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Living
Heritage 
Toolkit

Venø Gård KUNST, Norway 

Rovaniemi Heritage Museum, Finland

Living Heritage Toolkit is a project that is inter-regional and collaborative in nature stressing a common thread binding cultural practices and legacies present in the rural north. Each participating partner brings individual skills, expertise and resources that complement the overall vision and development, while addressing key aspects of our individual and common goals as practitioners operating in the rural dimension.

 

A reinterpretation of traditional working garments, knitted patterns and symbols existing in the museum's collection. The project aims to reflect the value of rural culture, with its roots in applied crafts, and ethical maker-ship.

The collaboration developed a heartfelt working process between fashion designer Julia Kröner Venø, local wool producer Inger Falkevik from Nordfjordull, and local knitters, producing a boiler suit prototype. 

The first results were presented in an exhibition held at Rovaniemi Heritage Museum with a text by Haparanda/Tornio based historian Silvia Colombo,  in parallel to Cultural Paths' Merging - Converging Village Symposium.

WEAVING OUR STORIES

Silvia Colombo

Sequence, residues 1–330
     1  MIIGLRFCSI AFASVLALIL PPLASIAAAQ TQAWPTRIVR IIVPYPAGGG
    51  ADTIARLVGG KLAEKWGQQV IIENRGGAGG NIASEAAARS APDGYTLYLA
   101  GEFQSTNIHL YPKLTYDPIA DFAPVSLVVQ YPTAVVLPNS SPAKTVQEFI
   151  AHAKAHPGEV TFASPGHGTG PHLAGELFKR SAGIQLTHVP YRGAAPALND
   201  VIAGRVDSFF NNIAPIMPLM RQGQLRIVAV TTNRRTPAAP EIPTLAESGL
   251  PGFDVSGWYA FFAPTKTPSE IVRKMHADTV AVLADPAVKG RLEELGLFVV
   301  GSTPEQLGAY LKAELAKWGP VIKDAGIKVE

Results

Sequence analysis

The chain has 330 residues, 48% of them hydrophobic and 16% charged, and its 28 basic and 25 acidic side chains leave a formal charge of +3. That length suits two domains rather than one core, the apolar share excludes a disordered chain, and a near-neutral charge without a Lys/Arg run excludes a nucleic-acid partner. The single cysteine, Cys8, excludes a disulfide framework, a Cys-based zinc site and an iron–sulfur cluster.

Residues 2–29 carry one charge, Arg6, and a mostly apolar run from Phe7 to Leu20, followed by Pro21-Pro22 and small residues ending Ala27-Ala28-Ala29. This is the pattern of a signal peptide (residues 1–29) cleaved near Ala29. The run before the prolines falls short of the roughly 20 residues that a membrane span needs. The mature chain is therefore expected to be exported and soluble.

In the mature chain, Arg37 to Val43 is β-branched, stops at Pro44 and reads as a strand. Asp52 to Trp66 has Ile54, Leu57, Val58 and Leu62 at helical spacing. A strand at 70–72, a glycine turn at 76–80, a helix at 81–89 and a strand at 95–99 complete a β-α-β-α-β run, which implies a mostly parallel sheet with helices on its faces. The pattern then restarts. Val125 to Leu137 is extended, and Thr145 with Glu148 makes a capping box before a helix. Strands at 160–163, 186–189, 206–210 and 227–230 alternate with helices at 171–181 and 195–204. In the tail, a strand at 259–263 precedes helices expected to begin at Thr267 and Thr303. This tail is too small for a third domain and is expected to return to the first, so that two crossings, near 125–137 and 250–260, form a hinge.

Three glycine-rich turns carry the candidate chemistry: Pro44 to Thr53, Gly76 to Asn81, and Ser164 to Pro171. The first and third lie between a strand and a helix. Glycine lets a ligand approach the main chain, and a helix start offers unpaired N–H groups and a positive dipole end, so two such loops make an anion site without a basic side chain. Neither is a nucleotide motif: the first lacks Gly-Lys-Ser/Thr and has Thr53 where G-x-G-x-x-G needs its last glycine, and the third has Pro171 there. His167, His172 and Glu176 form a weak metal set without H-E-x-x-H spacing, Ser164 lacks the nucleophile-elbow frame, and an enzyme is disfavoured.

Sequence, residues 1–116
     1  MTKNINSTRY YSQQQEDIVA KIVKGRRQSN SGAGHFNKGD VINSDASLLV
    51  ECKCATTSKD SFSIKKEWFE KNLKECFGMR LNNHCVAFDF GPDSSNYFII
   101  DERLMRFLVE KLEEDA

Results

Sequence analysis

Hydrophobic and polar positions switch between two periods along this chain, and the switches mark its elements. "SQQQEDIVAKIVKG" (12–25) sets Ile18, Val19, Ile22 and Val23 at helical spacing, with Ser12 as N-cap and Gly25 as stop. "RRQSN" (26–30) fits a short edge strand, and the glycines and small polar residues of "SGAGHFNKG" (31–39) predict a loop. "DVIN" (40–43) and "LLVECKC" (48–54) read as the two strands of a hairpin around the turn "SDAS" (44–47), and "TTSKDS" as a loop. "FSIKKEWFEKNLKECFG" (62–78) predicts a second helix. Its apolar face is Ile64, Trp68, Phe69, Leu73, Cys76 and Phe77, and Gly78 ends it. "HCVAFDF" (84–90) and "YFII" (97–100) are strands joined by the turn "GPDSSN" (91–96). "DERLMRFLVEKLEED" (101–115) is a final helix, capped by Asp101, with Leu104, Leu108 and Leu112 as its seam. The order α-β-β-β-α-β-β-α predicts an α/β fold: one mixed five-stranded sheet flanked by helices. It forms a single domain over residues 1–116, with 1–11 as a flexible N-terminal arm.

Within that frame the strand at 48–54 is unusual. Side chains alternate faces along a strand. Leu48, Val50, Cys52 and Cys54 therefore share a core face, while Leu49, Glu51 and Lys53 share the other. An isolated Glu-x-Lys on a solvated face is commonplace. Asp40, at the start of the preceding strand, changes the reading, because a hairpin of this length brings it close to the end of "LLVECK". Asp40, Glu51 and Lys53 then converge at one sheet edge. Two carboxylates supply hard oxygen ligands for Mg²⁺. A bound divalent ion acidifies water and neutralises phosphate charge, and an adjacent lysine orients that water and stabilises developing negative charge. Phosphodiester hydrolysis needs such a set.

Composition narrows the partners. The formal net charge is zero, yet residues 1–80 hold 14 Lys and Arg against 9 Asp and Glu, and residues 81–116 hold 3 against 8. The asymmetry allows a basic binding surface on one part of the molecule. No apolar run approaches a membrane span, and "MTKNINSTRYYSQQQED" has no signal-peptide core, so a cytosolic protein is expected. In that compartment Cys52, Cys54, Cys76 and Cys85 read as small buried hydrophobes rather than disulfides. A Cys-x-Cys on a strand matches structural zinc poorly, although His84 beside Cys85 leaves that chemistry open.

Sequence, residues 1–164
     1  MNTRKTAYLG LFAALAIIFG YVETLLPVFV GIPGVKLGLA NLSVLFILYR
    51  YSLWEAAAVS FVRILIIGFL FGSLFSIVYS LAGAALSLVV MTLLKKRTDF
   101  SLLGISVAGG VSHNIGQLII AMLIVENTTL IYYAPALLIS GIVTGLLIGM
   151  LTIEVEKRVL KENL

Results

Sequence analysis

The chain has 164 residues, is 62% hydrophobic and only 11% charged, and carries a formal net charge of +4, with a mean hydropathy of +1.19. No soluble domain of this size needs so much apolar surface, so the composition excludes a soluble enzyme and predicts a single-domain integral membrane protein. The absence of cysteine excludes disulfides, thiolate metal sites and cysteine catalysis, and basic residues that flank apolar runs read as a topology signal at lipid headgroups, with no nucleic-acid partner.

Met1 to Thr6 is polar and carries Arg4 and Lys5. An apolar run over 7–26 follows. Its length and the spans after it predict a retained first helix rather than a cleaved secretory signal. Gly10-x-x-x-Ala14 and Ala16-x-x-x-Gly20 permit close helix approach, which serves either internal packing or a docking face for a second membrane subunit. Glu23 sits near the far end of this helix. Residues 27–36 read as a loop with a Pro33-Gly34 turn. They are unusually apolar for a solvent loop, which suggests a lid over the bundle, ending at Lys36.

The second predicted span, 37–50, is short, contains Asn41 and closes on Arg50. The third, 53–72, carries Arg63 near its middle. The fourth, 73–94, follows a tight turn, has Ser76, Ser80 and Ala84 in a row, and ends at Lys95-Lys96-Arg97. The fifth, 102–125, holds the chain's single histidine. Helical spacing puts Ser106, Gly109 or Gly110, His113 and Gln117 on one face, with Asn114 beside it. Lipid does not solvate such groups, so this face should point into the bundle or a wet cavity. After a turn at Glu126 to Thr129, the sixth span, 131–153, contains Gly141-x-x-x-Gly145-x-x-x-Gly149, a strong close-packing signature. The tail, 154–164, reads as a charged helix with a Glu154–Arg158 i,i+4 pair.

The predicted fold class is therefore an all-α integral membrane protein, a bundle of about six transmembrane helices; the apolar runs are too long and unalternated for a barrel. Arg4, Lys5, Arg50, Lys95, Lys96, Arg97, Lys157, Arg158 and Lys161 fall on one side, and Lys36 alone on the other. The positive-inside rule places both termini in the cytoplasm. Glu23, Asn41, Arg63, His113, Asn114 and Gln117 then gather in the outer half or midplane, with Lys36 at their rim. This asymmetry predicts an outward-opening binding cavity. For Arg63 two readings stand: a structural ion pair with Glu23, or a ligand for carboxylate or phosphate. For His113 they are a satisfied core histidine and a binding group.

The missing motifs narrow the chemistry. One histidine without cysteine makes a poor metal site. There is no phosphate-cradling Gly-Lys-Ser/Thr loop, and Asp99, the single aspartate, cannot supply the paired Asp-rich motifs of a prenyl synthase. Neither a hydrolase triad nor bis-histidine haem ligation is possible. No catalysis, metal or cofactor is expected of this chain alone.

How the textile heritage have shaped our past, is part of our present and can be influencial in our future.

A fabric is purely a fabric, at first glance. But is it, really?

Apparently, it just looks like a piece of interwoven threads that comes in different models and sizes, it is dyed in various colours and is made of a wide range of materials. But we all know that nothing is as it appears. Thus a fabric cannot be merely considered as it seems. It would rather be comparable to a map.

At the beginning, we notice its colours and its whole appearance.Then, on reflection, we are able to see through it, discovering details we haven’t even considered in the first place. And the more we observe, the more we realise its complexity. All the contrasts, nuances and imperfections suddenly stand out. And it is exactly at this point that each and every one of them starts to tell a story. Or, better, multiple stories.

Nowadays, when we talk about textile production, we think about styles, sizes, materials and colours, while in the past textiles and clothes mostly had a more functional role within society. If they were produced and worn with practical purposes – mainly to keep one warm – they also present traditional features.

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